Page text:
McKell Anderson is currently working as Rebekah Leach’s right hand woman, creating blogs, fun newsletters, photo editing, and doing all the good stuff to make this curriculum project an aerial dream-come-true. 

The Importance of Groping in the Dark: Part I

A 2-part blog by McKell Anderson.

When it comes to the aerial and circus industry, there is a giant push for safety, which is terrific! A big thing that has come up is training without an instructor is not a safe practice, specifically when attempting to learn things from the interweb. While I agree that having a qualified coach is essential to a safe aerial career, I think we place too little emphasis on the importance of practicing aerial WITHOUT your instructor.

Wait… What?!
Is she suggesting that we let beginning aerialists do ANYTHING unsupervised?!  That is crazy! Unacceptable!  This is nonsense!  People are going to DIE!

Take a deep breath, stay calm, and read all the way to the end before you write this off as rubbish.

Have you ever had a student (or are you the student) that can execute 90% of what has been taught in class, but then has the memory of a goldfish when asked to perform a skill weeks later?  Or have you ever sent an instructor a video saying, “Can we learn this in class pretty please?!” to get a reply from your kind, patient, wonderful instructor saying, “We have done this skill at least a dozen times in class before.”  There is a vast difference between learning skills in class and remembering them later.  I think this is a particularly common issue with complicated wraps used in more advanced skills.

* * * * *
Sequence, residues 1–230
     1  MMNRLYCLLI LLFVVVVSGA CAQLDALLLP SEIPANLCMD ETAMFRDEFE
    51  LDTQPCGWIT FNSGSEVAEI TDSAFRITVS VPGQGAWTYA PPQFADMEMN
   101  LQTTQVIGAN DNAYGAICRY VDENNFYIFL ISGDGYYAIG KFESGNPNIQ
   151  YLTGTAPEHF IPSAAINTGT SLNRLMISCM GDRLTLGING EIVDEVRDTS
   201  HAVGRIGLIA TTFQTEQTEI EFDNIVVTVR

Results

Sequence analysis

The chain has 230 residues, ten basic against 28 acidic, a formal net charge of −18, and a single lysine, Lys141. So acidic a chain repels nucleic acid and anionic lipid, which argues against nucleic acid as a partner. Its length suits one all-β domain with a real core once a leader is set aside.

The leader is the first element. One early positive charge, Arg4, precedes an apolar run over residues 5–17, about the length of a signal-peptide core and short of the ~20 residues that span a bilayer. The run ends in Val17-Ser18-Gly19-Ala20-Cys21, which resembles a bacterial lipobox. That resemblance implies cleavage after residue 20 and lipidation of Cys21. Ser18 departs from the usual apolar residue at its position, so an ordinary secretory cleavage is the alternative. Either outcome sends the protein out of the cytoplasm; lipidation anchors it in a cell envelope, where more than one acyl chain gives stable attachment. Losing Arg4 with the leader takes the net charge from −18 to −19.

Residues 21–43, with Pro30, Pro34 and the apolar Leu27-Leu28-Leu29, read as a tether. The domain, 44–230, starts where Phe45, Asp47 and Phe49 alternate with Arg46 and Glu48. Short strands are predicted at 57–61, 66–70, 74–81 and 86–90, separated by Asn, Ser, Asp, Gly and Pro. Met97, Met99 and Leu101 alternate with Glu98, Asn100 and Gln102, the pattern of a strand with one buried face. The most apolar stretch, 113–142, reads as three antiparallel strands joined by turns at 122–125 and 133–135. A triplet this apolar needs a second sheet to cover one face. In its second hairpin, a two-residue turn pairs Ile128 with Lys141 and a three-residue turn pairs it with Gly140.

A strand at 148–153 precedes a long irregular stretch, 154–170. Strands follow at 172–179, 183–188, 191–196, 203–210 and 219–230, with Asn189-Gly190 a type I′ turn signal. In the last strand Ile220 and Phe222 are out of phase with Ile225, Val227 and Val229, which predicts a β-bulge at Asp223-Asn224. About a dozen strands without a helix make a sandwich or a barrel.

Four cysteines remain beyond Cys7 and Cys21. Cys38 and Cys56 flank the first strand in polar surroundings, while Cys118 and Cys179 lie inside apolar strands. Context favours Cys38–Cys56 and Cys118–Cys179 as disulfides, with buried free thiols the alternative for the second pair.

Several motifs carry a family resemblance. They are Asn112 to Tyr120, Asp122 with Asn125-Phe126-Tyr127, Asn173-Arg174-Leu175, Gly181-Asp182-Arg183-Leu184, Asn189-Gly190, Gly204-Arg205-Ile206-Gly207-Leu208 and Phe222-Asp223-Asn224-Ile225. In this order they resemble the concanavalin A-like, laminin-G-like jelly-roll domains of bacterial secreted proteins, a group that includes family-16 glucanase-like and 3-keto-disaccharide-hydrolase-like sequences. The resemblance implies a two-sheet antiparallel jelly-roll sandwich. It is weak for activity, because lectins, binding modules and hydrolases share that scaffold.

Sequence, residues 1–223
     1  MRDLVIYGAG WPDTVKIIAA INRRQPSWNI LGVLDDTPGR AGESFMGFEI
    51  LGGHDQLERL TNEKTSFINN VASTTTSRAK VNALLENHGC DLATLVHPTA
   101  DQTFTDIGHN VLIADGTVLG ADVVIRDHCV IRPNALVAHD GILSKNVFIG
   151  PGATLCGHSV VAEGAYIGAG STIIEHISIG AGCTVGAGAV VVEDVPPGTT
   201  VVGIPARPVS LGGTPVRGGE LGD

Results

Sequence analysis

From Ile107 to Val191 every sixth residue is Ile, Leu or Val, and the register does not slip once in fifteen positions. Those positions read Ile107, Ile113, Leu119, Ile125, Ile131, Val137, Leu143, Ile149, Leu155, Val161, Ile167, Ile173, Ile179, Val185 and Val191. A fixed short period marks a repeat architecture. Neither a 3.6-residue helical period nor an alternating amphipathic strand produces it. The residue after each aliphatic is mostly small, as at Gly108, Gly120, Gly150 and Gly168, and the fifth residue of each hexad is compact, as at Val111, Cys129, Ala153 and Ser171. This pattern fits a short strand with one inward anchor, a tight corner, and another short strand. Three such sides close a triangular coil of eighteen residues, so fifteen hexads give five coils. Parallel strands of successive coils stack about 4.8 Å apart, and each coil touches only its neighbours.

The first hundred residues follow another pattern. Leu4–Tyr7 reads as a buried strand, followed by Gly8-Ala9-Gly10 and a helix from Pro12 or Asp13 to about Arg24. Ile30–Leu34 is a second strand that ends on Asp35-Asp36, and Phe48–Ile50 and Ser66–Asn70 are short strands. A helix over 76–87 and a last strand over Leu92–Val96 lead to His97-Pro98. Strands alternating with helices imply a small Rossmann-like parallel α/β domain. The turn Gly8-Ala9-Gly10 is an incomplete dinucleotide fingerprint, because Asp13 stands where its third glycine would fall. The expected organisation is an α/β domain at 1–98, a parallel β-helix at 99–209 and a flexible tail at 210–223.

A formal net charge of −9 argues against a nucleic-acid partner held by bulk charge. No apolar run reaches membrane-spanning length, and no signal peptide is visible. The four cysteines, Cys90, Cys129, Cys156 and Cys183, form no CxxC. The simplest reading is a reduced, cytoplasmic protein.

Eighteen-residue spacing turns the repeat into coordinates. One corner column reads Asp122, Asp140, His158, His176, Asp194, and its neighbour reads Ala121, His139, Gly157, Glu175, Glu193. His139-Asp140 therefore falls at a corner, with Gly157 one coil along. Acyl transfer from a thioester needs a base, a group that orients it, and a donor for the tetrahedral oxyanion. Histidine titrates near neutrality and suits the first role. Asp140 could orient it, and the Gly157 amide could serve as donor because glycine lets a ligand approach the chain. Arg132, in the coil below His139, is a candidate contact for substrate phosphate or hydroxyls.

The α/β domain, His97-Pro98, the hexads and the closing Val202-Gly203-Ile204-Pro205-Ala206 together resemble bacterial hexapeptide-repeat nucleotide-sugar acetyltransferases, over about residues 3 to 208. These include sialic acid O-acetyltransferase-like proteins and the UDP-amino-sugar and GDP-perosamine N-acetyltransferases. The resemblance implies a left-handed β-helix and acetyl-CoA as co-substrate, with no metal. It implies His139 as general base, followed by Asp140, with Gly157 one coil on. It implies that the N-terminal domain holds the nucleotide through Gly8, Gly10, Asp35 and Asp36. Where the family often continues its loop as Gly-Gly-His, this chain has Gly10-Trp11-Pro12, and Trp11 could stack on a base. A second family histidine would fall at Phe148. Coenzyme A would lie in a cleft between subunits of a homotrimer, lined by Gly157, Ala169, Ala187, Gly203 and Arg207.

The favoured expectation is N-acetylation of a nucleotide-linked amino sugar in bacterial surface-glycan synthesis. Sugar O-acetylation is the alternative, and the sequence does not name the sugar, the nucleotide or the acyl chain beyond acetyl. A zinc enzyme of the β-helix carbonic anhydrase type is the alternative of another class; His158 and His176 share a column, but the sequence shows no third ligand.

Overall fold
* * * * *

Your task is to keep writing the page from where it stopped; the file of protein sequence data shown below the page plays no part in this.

Comic by Pony Poison
Comic by Pony Poison

This phenomenon is not unique to aerials. There is actual research to why stuff falls out of our brains and what we can do to prevent it. In Make It Stick: The Science of Successful Learning, Peter Brown, Henry Roediger III, and Mark McDaniel shed new light on how learning works from a variety of empirical studies done over the past decade.

SPOILER: People think they are learning and retaining well when they are not.

Going through this book has completely changed my approach to learning and teaching. If you do not have time to read it on your own, here are a few of the nuggets of wisdom that apply to aerial practice.

1. The true direction of learning
2. The importance of the struggle
3. The difference between content familiarity and subject mastery
4. The importance of practice variations

1 – Better Out than In!

“The single biggest idea is that we tend to focus on trying to get new learning into the brain and we do that through repetitive reading and practice. But what research tells us is that learning really happens when we try to get new knowledge and skills out of the brain.” – Make It Stick

Qualified coaches are the best source for putting good aerial knowledge into students’ heads through lesson plans, spotting, and supervised execution. The knowledge going into the brain, while an irrevocably important part of the process, is not where learning happens. Without a situation for an individual to recall the data input and turn it back into the output, long-term retention of learning does NOT occur.  If you spend three hours on Instagram watching videos, but never get up and try any of them, did you learn anything from all your aerial research endeavors? In this information age in which we live, getting information into our heads is all too easy. The learning is in the retrieval of the information you took in. You would have to watch it AND DO it.